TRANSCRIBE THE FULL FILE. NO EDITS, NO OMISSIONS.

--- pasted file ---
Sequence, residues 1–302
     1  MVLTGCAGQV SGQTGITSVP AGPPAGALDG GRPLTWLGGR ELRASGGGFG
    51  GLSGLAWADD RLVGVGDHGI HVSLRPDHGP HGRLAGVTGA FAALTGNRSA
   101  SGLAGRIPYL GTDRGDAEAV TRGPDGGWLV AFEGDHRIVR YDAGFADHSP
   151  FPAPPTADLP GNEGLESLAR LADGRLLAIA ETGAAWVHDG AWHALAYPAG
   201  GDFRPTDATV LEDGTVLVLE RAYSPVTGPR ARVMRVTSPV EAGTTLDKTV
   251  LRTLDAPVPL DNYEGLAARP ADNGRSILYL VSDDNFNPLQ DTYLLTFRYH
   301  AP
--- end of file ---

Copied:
Sequence, residues 1–302
     1  MVLTGCAGQV SGQTGITSVP AGPPAGALDG GRPLTWLGGR ELRASGGGFG
    51  GLSGLAWADD RLVGVGDHGI HVSLRPDHGP HGRLAGVTGA FAALTGNRSA
   101  SGLAGRIPYL GTDRGDAEAV TRGPDGGWLV AFEGDHRIVR YDAGFADHSP
   151  FPAPPTADLP GNEGLESLAR LADGRLLAIA ETGAAWVHDG AWHALAYPAG
   201  GDFRPTDATV LEDGTVLVLE RAYSPVTGPR ARVMRVTSPV EAGTTLDKTV
   251  LRTLDAPVPL DNYEGLAARP ADNGRSILYL VSDDNFNPLQ DTYLLTFRYH
   301  AP